Building a Stormwater CIP at Fort Hood

Evan Burn

Fort Hood has numerous drainage and erosion issues throughout the Army Installation. The Fort Hood Main Cantonment Drainage Master Plan was the third in a series of masterplanning efforts to identify drainage issues and propose alternatives in different areas of Fort Hood. The three masterplanning projects combined cover the entire army installation including North Fort Hood, West Fort Hood and the Main Cantonment.

Each study followed the same steps to develop the Stormwater Capital Improvement Program. The first step was a massive data inventory using survey grade information of their stormwater infrastructure and utilities. The inventory of the stormwater infrastructure along with additional channel survey provided the information to model the stormwater system for the entire Army Installation using XPSTORM 2-D and HEC-RAS. The 2-D model focused on the developed portion of the installation and allowed Fort Hood identify areas at risk of flooding and erosion. As the area is generally flat, the 2-D aspect of the masterplan assisted in locating where runoff spills between basins as well as identifying the source of flooding infrastructure. A flooding issue may not be caused entirely by the closest storm drain, but rather due to an upstream deficiency causing bypass runoff to create the flooding concerns. These situations were easily identified through the 2-D analysis.

The HEC-RAS models were used in the undeveloped areas to supplement the 2-D analysis. Open channel floodplains were developed from the HEC-RAS results to identify flooding and erosion issues. Alternatives were analyzed for the entire Installation to alleviate the flooding and erosion concerns that were identified in both the 1-D and 2-D studies. Cost estimates were produced for each alternative.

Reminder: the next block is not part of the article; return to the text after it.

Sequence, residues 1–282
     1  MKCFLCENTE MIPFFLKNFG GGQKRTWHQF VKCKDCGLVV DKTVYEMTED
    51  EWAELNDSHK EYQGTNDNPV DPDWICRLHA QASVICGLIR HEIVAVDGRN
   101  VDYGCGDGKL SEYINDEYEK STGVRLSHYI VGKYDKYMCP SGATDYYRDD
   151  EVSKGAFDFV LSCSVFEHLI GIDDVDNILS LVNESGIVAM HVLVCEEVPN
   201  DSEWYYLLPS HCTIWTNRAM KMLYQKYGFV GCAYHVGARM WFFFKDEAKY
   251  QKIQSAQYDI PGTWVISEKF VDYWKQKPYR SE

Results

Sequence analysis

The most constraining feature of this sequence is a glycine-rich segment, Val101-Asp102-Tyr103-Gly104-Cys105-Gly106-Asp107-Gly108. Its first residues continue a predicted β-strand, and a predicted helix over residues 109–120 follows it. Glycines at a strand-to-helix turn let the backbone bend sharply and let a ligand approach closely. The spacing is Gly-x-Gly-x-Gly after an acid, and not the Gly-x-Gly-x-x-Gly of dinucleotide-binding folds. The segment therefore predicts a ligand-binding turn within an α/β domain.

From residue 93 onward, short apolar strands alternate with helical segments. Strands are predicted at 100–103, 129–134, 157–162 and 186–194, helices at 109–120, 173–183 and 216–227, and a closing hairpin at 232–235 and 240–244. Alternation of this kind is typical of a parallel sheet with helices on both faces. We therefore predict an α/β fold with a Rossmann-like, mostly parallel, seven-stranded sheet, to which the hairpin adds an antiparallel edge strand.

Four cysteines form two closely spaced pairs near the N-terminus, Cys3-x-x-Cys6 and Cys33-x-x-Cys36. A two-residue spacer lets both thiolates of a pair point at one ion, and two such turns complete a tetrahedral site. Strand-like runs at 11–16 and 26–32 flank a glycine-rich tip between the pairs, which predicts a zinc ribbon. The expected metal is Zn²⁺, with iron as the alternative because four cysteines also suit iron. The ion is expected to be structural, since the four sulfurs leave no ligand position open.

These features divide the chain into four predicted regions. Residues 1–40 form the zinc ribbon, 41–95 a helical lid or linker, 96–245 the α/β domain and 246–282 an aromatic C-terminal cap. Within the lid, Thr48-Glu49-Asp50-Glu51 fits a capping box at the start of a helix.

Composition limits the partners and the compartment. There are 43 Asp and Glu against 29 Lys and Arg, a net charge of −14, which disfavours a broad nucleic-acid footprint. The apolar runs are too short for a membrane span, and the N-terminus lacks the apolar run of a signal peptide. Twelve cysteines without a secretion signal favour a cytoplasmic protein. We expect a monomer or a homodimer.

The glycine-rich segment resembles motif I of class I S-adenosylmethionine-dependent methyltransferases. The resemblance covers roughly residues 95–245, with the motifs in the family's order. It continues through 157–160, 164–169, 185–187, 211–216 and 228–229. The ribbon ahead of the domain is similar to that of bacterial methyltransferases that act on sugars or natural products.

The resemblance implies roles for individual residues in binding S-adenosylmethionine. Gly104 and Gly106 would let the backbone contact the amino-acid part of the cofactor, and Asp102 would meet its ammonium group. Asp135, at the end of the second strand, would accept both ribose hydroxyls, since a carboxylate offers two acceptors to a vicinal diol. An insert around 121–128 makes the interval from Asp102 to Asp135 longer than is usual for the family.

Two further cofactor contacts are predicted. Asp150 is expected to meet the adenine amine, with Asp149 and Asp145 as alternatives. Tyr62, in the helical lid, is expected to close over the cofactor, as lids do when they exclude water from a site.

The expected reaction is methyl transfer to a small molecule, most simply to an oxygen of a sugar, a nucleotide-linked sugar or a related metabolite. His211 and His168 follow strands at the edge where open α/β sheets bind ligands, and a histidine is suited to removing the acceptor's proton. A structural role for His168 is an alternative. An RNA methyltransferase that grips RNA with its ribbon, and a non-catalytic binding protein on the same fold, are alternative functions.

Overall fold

The final deliverable included written reports and the XPSTORM and HEC-RAS models that Fort Hood can update as future development occurs in the watersheds. The alternatives identified have been added to their capital improvement projects. As improvements are made and new development continues, Fort Hood can use the models to understand how these changes impact drainage upstream and downstream. Fort Hood has benefited from these studies by using the model results to support their flooding concerns. The supporting data assists in obtaining funding to improve their drainage systems. Capital improvement projects identified through these studies have already begun.

This case study was presented at the 2016 Texas Floodplain Management Association Fall Seminar by Lynn Schaub, CPESC, DPW Engineering, Fort Hood, TX; Thomas Caffarel, P.E., CFM, Freese and Nichols; Katie Hogan, P.E., CFM, Freese and Nichols; and Evan Burn, EIT, CFM, Freese and Nichols.